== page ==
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Plain and Fancy

Music gives soul to universe, wings to mind, flight to imagination, charm to sadness, and life to everything.


Saturday, May 7, 2011

Borealis - Sons Of The Sea / Professor Fuddle's Fantastic Fairy Tale Machine (1970-74 canada, fine psychedelic rock, korean remaster with bonus tracks)

Audar Records produced the Borealis In July 1972. It was the first rock album recorded in the Atlantic provinces. The record company was kind of expecting the usual country or folk materials, normal during that time, but we had other things in mind, although we did not mislead them. Song 1, "In the end". made the Top Ten for two months in St. Johns, Newfoundland.

However, a lack of promotion by the hand members, who thought record companies did such duties, soon consigned this LP to collector's shelves and bargain bins in Woolworth deportment stores. Nevertheless, for many years the hand relieved (CAPAC cheques of varying amounts, indicating repeated airplay someplaces, somewhere in Canada. "business", song one on side two was a funky sendup of local business practices, as experienced by the band, it was thought to be the most worthy, as satire. and was designated to be the first "single". Instead, the record company pressed it has to be the "B" side, with "In the end” as the "A" side.

The company then mastered the LP with "In the end" as song one, side one, perhaps because it was the least jarring to the region's many country fans. The album was recorded the night before Borealis opened for the famed Lighthouse band. The recording company's timetable would not be overthrown by a group of young musicians who professed So be opening for a supergroup the next day! And so, a weekend passed, I remember most of it the ports when 1 was awake. It was worth every second!

Professor Fuddle's Fantastic Fairy Tale Machine
The « Fuddle album was inspired following an idea by Alan Ball, who went on to join the Canada Arts Council. Alan had the idea of writing a play than explain, to children, how computers work. Nowadays, of course, children toil adults how computers work, but such was not the way of the world back in 1971 Personal computers had not been invented. Computers were, in tact, huge complex machines, taking up entire floors of space, in places like universities.

Teams of “programmers” operated these humming contraptions, feeding the machinery with cards on which data was “computed” by perforating, or piercing, the cards with strategically olaced holes. But in digress. The story of the play is a 1070's fairy tale, set in a fishing hamlet in Newfoundland ('New-fun-Land'), Canada's most easterly island province. Jeff, a young boy of about 12. visits his uncle, Professor Fuddle, who has acquired an old union hall in the hamlet, in which to build his experimental 'computer'.

The opening tune introduces and animates the huge machine, which takes up the entire width of the stage. As Jeff arrives, the professor is seated before the machine's controls at centre stage. He is testing the machine's capability to produce 'holographs' of storybook characters. Snow White appears from the machine's 'good' side, hiding from a wicked queen in a haunted forest, singing the LP's second song. 'Rain's my name', and dreamily dancing to the computer's generated music of Philomel, from Shakespeare's 'Macbeth'. Snow White's 'Seven Dwarfs' arc produced from the computer's 'good' side, during song 5, as 'dancing masters', local wooden dolls, normally suspended on sticks (the amchine appears to have absorbed the local culture).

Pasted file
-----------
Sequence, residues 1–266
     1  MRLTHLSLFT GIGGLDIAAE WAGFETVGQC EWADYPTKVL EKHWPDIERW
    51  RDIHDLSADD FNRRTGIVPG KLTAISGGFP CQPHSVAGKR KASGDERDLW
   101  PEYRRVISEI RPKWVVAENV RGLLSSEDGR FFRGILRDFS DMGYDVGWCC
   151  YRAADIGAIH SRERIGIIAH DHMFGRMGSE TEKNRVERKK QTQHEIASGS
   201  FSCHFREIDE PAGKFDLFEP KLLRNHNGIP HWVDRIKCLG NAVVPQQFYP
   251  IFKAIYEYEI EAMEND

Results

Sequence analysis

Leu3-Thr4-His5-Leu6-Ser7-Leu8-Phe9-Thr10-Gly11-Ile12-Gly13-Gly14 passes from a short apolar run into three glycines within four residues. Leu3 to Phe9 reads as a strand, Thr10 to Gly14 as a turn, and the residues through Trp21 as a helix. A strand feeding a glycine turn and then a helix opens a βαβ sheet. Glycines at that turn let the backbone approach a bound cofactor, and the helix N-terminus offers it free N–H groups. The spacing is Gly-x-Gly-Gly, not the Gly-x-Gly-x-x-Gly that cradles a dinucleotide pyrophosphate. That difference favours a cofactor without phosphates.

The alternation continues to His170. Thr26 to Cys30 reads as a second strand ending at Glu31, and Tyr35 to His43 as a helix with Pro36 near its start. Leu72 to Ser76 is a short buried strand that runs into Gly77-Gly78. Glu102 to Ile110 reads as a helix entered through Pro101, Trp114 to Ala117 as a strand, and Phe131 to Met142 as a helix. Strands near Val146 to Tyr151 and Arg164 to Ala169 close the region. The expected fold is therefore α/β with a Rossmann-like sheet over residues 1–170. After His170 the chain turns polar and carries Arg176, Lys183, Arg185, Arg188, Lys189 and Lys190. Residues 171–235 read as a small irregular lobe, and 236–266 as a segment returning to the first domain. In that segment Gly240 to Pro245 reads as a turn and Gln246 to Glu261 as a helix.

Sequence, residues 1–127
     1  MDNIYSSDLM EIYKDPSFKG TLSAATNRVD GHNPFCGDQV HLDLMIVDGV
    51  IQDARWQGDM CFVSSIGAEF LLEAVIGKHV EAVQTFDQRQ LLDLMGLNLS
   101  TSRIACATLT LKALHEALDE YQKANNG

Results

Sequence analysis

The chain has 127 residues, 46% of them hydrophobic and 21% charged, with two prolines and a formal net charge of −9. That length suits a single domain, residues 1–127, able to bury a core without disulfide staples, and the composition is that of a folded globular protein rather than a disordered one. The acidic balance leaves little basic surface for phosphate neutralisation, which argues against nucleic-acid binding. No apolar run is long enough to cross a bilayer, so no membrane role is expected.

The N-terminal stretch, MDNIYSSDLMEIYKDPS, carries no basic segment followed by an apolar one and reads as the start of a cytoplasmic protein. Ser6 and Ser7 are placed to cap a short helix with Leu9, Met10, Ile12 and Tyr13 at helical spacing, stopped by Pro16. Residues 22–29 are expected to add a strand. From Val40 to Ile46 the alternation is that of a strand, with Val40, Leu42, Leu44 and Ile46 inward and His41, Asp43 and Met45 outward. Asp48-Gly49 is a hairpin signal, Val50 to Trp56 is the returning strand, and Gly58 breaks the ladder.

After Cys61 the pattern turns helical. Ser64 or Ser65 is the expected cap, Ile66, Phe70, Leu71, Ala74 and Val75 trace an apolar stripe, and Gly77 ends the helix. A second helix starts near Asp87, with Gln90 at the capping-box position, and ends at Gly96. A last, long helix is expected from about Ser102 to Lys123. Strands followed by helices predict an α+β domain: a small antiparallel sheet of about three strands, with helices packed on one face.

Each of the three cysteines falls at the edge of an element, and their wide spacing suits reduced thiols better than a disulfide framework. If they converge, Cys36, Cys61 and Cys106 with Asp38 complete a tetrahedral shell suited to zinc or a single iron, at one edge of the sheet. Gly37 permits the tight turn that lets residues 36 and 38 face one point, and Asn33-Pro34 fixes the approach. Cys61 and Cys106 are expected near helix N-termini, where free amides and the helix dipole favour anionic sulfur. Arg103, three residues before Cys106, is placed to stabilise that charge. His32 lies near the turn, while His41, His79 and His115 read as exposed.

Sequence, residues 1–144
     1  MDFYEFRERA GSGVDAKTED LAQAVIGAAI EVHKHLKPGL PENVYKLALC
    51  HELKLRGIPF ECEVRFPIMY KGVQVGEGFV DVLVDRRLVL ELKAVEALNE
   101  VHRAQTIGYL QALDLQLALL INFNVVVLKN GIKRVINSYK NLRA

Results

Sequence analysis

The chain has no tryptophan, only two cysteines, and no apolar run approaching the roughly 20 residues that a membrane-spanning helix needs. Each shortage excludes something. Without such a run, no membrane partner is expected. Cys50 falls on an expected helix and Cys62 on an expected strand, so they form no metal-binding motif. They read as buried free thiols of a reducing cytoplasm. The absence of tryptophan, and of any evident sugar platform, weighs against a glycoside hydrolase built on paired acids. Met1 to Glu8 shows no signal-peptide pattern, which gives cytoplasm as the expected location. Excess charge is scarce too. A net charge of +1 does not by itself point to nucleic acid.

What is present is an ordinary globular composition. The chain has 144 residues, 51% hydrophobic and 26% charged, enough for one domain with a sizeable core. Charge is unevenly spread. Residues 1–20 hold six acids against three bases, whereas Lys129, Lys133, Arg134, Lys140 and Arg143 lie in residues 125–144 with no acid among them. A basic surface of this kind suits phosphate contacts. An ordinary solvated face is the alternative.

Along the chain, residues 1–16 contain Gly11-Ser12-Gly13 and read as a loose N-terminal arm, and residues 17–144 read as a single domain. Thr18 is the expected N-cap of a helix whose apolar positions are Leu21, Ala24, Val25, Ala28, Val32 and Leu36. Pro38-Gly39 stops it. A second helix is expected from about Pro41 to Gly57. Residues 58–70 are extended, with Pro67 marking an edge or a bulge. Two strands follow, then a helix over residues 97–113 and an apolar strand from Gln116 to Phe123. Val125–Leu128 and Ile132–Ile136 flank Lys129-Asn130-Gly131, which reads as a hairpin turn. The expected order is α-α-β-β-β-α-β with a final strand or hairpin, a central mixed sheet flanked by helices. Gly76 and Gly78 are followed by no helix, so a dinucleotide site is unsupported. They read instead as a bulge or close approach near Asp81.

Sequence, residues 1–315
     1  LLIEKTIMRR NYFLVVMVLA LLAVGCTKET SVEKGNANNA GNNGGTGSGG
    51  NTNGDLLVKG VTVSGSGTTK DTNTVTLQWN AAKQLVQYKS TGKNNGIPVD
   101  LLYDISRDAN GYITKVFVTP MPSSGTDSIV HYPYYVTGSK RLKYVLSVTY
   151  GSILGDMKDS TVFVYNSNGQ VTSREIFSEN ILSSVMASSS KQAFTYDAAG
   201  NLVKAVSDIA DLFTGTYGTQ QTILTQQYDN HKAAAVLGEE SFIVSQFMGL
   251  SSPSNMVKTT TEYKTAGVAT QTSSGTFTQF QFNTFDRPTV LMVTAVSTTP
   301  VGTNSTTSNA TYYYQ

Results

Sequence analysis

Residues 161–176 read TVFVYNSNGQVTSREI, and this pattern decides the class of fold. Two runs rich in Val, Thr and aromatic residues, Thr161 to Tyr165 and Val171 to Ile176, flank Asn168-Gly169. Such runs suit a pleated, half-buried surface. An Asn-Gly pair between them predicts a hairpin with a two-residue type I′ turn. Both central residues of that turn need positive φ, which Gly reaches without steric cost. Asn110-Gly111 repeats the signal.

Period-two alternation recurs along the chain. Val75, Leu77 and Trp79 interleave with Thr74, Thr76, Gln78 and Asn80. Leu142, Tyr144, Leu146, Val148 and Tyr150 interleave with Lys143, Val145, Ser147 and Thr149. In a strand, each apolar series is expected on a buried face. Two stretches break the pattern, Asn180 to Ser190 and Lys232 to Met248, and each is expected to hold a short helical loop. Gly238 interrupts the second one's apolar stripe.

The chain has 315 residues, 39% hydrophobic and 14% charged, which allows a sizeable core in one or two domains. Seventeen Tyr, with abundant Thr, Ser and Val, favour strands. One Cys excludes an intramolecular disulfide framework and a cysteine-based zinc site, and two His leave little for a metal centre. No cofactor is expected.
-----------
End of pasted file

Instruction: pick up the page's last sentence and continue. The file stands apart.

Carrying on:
From the 'evil' side of the computer, ghosts of mermaids from seagoing mythology, haunt the witch into recanting her ways, via the song 'The opera cracks the bell'. As forgetful old professors might do, Professor Fuddle has forgotten to 'teach' it to count - a major flaw, the audience learns, when two huge actors appear as the 'dancing masters', supposedly portraying the 'Seven Dwarfs'. So, Jeff and his assembled characters encourage the audience to help them program, or 'teach' the computer to count, and to 'learn' tho difference between 'big' and 'small', by singing the 'Count Comprison Song'. Songs 'Indigo Evening' and 'Sonnet Song (Plenylunios)' add mood and moral purpose to the plot, as presentations for younger minds were supposed to do, back in the 1970's.

The witch's 'evil bell' cracks, to the tune 'The Opera Cracks The Bell', and the spell of her thousand year reign of evil is broken. The play, staged at the St. John's Arts & Culture Center as its Christmas presentation, was a success, according to the next day's reviews. Alan's play wont on to be included in a Collage of Canadian Children's Plays. Following which, every child around the world over the age of three learned to make computers sing and talk, and we adults slunk back to our caves. The rest, as they say, is History. And so is this forgotten LP.
by Paul Bradbury

Sons Of The Sea 1970-72
1. In The End - 2:30
2. Broke - 3:14
3. Sons Of The Sea - 3:49
4. Higher - 3:23
5. Another Boy - 5:06
6. Business - 4:42
7. The Politician - 3:28
8. Old Age - 3:00
9. Tomorrow Morning - 5:17
10.Lucky Day - 3:06
Professor Fuddle's Fantastic Fairy Tale Machine 1974
11.Professor Fuddle's Fantastic Fairy Tale Machine - 3:00
12.Rain's My Name - 2:05
13.Witch's Chant - 2:08
14.Philomel - 2:40
15.Dancing Master's Jig - 1:42
16.Indigo Evening - 2:43
17.Counting Comparison - 2:37
18.Sonnet Song - 2:45
19.The Opera Cracks The Bell - 1:53

Paul Bradbury - Vocals, Organ
Wayne Sturge - Guitar, Vocals (1-10)
Mark Bradbury - Bass, Vocals (1-10)
David Hillier - Drums (1-10)